Can You Receive Both Social Security Disability and ERISA Benefits?
Many people who become disabled file claims for both Social Security disability benefits and for benefits under long-term disability policies – “ERISA” policies – provided by their employers. Some people will qualify to receive disability benefits from both sources.
However, even if you qualify for both Social Security and ERISA disability benefits, you won’t be able to “double-dip” from both funds. To ensure that you receive all of the benefits that you are entitled to – while remaining compliant with Social Security and ERISA rules – you’ll need the advice and services of a California disability benefits attorney at the McKennon Law Group.
How Do Social Security and ERISA Disability Benefits Work?
The Employee Retirement Income Security Act of 1974 – ERISA – sets minimum federal standards for the retirement, pension, and insurance plans offered by many private employers, including health and disability insurance plans. ERISA governs only private employers and does not require them to offer insurance, retirement, or pension plans or benefits. ERISA merely sets some minimum standards for the programs that private employers choose to offer.
Social Security Disability Insurance (SSDI) pays monthly benefits to those who become disabled before their retirement age and are not able to work. To receive SSDI benefits, an applicant must suffer from a condition that meets the Social Security Administration’s definition of disability. SSDI benefits are available only to those with a “severe, long-term, total” disability.
Can Your Insurance Company Take Your SSDI Payments?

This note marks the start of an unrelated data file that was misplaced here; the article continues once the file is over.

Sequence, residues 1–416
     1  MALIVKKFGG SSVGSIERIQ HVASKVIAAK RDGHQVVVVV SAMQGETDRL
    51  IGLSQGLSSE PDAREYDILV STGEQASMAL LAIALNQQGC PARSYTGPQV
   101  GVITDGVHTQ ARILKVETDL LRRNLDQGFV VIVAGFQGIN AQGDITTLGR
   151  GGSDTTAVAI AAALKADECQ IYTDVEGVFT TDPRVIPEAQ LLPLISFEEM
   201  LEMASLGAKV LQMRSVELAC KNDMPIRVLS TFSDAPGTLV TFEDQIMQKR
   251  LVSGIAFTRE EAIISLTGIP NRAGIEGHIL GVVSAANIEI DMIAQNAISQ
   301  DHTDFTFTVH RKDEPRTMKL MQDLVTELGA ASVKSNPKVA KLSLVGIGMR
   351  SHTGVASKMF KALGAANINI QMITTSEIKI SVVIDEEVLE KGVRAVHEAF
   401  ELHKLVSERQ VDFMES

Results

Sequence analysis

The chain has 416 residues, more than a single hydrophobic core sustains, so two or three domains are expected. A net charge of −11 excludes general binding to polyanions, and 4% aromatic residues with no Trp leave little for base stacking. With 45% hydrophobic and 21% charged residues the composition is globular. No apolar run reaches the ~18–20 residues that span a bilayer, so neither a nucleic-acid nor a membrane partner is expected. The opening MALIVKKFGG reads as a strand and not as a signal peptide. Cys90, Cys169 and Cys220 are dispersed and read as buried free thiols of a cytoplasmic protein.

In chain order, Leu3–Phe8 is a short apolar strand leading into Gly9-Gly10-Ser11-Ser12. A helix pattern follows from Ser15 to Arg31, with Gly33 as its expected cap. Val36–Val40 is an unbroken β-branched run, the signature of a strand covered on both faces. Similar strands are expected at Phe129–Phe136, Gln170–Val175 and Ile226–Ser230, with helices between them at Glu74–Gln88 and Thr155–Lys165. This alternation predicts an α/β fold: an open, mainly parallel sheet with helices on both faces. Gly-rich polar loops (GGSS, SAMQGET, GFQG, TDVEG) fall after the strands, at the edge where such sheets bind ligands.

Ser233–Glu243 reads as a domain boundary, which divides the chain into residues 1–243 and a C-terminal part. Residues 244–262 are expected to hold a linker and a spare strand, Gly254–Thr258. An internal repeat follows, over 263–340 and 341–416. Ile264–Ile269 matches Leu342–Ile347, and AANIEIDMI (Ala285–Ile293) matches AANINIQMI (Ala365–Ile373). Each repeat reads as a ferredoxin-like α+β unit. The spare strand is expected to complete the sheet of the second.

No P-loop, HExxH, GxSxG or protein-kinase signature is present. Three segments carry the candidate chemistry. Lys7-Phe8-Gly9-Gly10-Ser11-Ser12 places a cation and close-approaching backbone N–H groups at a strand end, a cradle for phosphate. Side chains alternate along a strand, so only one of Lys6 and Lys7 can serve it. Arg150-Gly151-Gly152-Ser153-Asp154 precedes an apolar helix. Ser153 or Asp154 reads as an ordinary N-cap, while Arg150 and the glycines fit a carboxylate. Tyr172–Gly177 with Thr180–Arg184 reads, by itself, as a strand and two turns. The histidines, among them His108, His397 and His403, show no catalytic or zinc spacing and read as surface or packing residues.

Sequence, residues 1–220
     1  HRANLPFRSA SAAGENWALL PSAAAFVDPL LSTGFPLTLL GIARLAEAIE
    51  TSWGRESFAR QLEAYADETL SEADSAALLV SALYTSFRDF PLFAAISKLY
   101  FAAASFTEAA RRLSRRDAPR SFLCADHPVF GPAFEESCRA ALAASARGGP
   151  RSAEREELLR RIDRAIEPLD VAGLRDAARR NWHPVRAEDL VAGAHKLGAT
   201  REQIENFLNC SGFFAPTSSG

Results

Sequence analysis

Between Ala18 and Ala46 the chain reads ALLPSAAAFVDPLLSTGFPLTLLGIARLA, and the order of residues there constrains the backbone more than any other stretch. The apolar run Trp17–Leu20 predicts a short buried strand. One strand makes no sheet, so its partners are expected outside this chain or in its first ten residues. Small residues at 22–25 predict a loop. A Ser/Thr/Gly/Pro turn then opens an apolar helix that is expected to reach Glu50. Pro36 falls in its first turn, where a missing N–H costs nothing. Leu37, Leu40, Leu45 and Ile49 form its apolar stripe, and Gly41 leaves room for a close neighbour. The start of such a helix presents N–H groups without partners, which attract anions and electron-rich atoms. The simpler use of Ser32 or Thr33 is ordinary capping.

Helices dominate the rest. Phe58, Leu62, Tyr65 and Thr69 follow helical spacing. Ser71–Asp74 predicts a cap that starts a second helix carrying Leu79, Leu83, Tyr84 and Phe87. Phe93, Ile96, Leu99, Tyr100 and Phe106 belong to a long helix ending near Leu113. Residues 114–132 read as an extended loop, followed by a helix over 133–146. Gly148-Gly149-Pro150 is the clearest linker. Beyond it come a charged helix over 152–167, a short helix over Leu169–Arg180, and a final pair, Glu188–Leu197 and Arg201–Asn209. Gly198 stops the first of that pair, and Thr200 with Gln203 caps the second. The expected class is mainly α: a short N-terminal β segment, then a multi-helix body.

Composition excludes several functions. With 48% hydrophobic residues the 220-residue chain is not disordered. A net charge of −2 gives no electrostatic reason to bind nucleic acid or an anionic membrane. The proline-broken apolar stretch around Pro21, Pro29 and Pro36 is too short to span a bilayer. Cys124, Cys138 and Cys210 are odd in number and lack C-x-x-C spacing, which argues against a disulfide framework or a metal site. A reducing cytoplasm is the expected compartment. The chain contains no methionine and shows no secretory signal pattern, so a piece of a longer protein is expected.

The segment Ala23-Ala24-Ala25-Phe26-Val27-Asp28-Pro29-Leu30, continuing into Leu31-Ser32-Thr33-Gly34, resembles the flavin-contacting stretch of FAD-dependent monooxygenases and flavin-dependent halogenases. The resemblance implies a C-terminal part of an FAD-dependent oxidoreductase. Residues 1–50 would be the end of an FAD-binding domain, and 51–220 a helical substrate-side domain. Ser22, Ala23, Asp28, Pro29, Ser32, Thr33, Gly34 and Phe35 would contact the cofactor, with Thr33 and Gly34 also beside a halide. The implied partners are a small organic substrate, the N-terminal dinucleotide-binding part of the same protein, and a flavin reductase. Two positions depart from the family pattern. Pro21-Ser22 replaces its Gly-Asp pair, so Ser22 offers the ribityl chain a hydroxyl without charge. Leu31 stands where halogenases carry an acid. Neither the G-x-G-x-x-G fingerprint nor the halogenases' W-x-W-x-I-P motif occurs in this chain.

If you receive disability insurance benefits under an ERISA group plan, ERISA allows the insurance company to take advantage of a favorable decision by the Social Security Administration. If you claim and receive both Social Security and ERISA disability benefits after a disabling injury, what typically happens is that you’ll be paid disability insurance benefits while your Social Security disability claim is still pending.
For example, if you received ERISA disability benefits of $1,200 per month, and you are then awarded SSDI benefits of $900 per month including back payments for the months your SSDI claim was pending, the insurance company will seek to recover $900 for each month that the company paid you $1,200.
Many health and disability insurance policies allow the insurance company to sue a disabled person, after the disabled person has started receiving SSDI payments, to recover any insurance benefits that were overpaid.
Could You Be Sued By the Insurance Company?
However, if your disability insurance is provided by an employer through an ERISA plan, ERISA prevents insurance companies from directly suing SSDI recipients to recover overpayments. Instead, the insurance company may reduce payout amounts going forward to “offset” and recover any overpayments.
If all of this sounds complicated, it is. Before you file any claim for disability insurance benefits or SSDI benefits, the first step you should take is to schedule a consultation with a California disability benefits attorney at the McKennon Law Group. If you’ve been temporarily or permanently disabled, we can make sure that you receive every benefit that you are entitled to.
We Offer Sound Legal Advice and Decades of Experience
The McKennon Law Group has provided insurance-related legal advice and services to families and working people in California for over seventy years. If you’re involved in a dispute with an insurance company, we will act aggressively and effectively on your behalf.
Learn more by scheduling a no-cost, no-obligation legal consultation with a California insurance attorney at the McKennon Law Group. Call (800) 682-4137, or reach out to us now by completing the contact form on this website.